By Katerina Michael
Digitalisation is the conversion of data and processes, a transformation of the already known and established processes of everyday life.
More than just making existing data digital, digitalisation embraces the ability of this technology to collect data, establish trends and make better decisions.
The Nordic countries are widely accepted as digital frontrunners in the European and global context. Overall, their policies have fairly similar goals, with their main focus on digital public services, healthcare, supporting growth and innovation in business, and ensuring digital security.
While most European countries still struggle to conform to new technologies, the Nordic countries have managed to extensively educate their citizens on how to use the internet correctly and, above all, its tremendous benefits.
With low cost or free internet connectivity almost everywhere, the number of people using the internet has increased rapidly.
Most of the Nordic population now have a digital ID, which they can use to pay taxes, book a doctor’s appointment, or even conduct online doctor’s sessions – especially since it is harder for older people to pay their doctors a regular visit due to the pandemic – and for a range of other public services, even voting in elections.
A role model of innovation for the rest of Europe is the Nordic educational system.
While primary and secondary digital education learning is still in progress, when it comes to higher education, cutting-edge research on digitalisation is conducted on teaching and learning in Nordic universities to debate current practices and future prospects, exploring the impact of Covid-19 with an eye to the long-term implications of the rapid changes we have experienced.
Where does Cyprus stand?
Cyprus has shown great progress in terms of business digitisation, but there is still a long way to go until the opportunities are fully utilised.
Specifically, Cypriot companies are showing significant signs of inadequacy even for the most common technology uses, resulting in Cyprus being below Europe’s average for digitisation.
The government is trying to introduce new methods of how people can benefit from the use of internet and technology.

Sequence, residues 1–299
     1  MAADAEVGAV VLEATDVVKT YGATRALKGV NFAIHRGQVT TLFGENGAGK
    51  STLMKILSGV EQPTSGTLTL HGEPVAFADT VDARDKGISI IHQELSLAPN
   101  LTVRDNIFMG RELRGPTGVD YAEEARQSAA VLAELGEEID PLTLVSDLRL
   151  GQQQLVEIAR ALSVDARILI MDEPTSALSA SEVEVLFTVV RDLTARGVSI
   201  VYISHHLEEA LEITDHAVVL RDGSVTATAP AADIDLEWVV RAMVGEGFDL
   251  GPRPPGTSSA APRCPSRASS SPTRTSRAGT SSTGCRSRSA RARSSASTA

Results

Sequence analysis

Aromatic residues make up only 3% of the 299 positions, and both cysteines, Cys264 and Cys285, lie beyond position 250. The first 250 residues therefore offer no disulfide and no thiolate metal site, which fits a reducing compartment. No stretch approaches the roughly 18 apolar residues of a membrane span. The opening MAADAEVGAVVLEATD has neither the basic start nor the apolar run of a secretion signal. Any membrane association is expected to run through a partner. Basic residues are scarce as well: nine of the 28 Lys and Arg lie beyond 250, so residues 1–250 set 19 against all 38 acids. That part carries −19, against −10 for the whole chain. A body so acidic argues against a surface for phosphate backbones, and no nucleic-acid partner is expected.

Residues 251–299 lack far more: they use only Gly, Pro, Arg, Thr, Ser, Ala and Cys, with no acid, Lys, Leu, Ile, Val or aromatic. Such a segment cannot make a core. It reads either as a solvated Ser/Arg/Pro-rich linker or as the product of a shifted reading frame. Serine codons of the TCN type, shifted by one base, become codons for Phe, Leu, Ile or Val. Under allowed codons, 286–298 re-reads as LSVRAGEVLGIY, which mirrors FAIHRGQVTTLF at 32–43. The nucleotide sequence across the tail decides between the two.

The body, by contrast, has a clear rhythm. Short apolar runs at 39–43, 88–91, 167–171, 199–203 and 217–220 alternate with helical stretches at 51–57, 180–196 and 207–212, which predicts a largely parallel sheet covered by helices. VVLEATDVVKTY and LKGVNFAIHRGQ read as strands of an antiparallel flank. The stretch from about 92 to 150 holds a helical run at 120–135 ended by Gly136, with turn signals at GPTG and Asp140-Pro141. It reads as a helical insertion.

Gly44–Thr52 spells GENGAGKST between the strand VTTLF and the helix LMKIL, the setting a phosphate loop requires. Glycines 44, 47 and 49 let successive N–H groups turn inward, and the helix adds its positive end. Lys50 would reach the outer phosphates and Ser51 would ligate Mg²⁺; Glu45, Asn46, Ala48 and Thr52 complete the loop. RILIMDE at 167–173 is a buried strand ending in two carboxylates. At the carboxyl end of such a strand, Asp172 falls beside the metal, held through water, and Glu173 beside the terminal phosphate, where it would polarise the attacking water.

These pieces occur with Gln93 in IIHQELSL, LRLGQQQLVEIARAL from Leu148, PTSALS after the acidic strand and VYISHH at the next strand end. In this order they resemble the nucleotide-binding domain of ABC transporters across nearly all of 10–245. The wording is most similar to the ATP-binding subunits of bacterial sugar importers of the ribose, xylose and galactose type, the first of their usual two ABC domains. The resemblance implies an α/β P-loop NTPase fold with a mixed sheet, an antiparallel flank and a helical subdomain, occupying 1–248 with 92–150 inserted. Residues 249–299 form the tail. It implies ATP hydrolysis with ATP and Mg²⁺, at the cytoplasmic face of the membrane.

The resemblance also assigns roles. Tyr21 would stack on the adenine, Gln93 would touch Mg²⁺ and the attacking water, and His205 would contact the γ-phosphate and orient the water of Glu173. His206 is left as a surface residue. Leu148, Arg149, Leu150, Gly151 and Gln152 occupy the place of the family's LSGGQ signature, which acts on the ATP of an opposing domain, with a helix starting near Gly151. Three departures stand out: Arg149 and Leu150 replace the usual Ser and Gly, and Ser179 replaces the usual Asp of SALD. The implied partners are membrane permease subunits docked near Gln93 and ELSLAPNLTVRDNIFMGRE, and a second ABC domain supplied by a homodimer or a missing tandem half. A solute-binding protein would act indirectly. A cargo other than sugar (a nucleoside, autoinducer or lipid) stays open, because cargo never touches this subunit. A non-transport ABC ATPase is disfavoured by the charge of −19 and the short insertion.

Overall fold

Users have increased in 2020, compared to previous years, but the services offered remain short.
The Cyprus government initiated a project called the “Government Online Secure Portal” (https://cge.cyprus.gov.cy), or Ariadne, an electronic platform that citizens and businesses can use for electronic services (e-Services) in a secure manner, 24 hours a day, 7 days a week.
Why use Ariadne?
There are substantial reasons to use Ariadne. This is a secure e-payment platform with unified passwords in all e-Services.
You can have online access from anywhere, home or office, anytime.
The process of online applications and government transactions become simplified, quick, easy and at a very low or minimum cost.
As a citizen, you can be informed about the progress of your requests – it applies in cases where the competent department’s own information systems can provide the requested information – faster and most efficiently, while you avoid the trouble of booking appointments.
Visiting a government office during this period is extremely hard and time-consuming.
In 2004, the Cyprus government launched the TAXISnet (https://taxisnet.mof.gov.cy) electronic service. TAXISnet offers electronic submission of tax returns for VAT and Income Tax.
Why use TAXISnet?
The goal of TAXISnet is to make it easier for taxpayers to settle their tax obligations effortlessly, promptly, and efficiently.
With its creation, TAXISnet managed to modernise the tax system by submitting the requested documents or forms using modern technology, upgrade information, reduce bureaucracy and directly serve the user with its 24-hour operation.
In recent years, TAXISnet has been upgraded, offering the possibility of paying debts using a credit card or bank account.
In the system, individual citizens can submit their annual income tax returns and companies can submit their income declaration forms.
For-profit as well as non-profit companies can apply.
Furthermore, interested parties can print their vehicle’s registration fees or status of their vehicle, their payment forms, and declarations of their transactions as well as to receive information about their tax obligations.
And it’s not just electronic bill settlement.
Government’s around the world are slowly taking advantage of the use of modern technology to save the environment and make one’s stay in a country more fun and easier.
NextBike Cy Ltd. (https://www.nextbike.com.cy), that owns and operates the public sharing system in Limassol since 2012, is now expanding its network by cooperating with Nicosia, Strovolos, Agios Dometios, Engomi and Aglantzia municipalities, with SmartBikes.
The use of NextBike is easy and practical as you can rent a bike or scooter via your mobile phone.
By using the GPS, you can track where the nearest bike or scooter is parked and leave it at any map point you consider convenient for you.
The goal of NextBike is to provide a supplementary and environmentally friendly means of transport for point-to-point distances to the local community, tourists, and students.
Overall, digital technologies are empowering us with increasing amounts of data and information that are transforming the way we shop, travel, work, learn, communicate, and deal with government interactions.
The strongest potential of digitalisation is knowledge sharing.
Digitalisation is clearly an issue with broad political support, and it presents substantial opportunities for long-term, considered collaboration between local and even national borders, from the Nordic countries to the rest of Europe.